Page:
When it comes to the nexus between Sikhs and Gurbani, three things are certain. One, we have steadily distanced ourselves from its understanding. Two, we source our understanding from Teekas and Translations of the Sri Guru Granth Sahib. And three, these sources are deeply flawed on a variety of counts – their blemishes ranging from their vedic, puranic and yogic slants on one end of the spectrum to reliance on purely literal interpretations on the other; becoming our sources of (mis)understanding instead.
The outcome is as stark as it is dark: Led by this (mis)understanding of Gurbani, we have taken Sikhi back to 1468.
The examination of our (mis) understanding – fueled by defective Teekas and Translations – of just THREE key concepts of Sikhi; Jup, Naam and Sat – makes this finding evident. Jup appears 1,300 times, Naam 5,500 times and Sat 3,200 times within the pages of SGGS. These three words thus appear 10,000 times in total or 7 instances per page. Getting them right is surely important. What about getting them wrong? 10,000 wrongs are surely more than enough to make sure we get the entire message of Sikhi wrong. Horribly wrong.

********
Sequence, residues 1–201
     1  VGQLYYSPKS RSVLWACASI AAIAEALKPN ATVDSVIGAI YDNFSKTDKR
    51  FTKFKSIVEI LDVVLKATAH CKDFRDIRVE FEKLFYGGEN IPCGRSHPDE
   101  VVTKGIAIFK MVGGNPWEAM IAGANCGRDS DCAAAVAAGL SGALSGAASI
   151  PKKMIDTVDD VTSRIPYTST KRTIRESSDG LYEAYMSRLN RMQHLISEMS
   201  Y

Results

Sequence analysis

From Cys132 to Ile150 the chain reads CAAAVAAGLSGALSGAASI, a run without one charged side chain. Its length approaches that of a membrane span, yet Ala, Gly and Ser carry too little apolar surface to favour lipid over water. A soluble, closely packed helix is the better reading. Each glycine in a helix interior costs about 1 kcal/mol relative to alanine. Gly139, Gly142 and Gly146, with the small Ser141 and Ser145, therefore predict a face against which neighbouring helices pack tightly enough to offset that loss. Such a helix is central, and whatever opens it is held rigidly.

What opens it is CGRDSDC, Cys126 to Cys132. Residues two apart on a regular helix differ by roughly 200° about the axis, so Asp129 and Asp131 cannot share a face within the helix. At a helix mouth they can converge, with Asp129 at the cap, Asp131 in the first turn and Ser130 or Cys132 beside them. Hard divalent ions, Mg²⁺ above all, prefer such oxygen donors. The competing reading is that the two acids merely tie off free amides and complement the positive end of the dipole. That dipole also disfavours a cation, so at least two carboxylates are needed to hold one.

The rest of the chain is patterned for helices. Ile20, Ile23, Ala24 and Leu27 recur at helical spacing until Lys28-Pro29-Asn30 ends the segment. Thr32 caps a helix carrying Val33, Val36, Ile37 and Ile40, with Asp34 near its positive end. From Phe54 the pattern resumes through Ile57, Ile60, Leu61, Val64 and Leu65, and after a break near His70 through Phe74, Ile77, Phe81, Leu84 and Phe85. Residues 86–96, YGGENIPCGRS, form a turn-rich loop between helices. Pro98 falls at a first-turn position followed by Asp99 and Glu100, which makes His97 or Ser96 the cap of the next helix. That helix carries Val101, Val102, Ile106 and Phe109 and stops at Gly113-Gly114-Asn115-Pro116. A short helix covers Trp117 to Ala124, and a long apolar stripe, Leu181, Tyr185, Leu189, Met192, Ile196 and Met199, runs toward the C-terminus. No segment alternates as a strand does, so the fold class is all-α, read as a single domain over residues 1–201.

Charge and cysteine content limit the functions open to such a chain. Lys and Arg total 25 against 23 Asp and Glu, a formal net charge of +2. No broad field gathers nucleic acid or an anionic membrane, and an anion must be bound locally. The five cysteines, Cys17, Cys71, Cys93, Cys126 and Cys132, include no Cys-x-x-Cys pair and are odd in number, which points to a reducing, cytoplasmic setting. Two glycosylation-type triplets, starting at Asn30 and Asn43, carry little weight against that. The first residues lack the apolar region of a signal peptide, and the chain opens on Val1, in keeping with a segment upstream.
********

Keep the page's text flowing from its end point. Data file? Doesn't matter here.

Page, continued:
The first wrong is in (mis)translating Jup as Chanting. The English Translation by Sant Singh Khalsa MD translates Jup as Chant for all 1,300 times. The total count for the words Chant and Chanting in his translation is 1,600 – meaning other words such as Simran have been (mis)translated as Chanting as well. Here are two verses representing the typical translation of Sant Singh.
ਅਨਦਿਨੁ ਨਾਮੁ ਜਪੀ ਸੁਖੁ ਪਾਈ ਨਿਤ ਜੀਵਾ ਆਸ ਹਰਿ ਤੇਰੀ ॥੨॥
Andin Nam Jupee Sukh Payi Nit Jiva(n) Aas Har Teyri. SGGS 171.
Night and day, I chant Your Name, and I find Peace.
ਗੁਰਸਿਖ ਹਰਿ ਬੋਲਹੁ ਮੇਰੇ ਭਾਈ ॥ ਹਰਿ ਬੋਲਤ ਸਭ ਪਾਪ ਲਹਿ ਜਾਈ ॥੧॥ ਰਹਾਉ ॥
O Gursikhs, Chant The Name of the Lord, O My Siblings of Destiny. Chanting The Lord’s Name, All Sins Are Washed Away. SGGS 165.
Wasn’t this the spirituality of the pre-1468 era – doing sins regularly and then “washing them away” through chanting a so called “Lord’s Name?”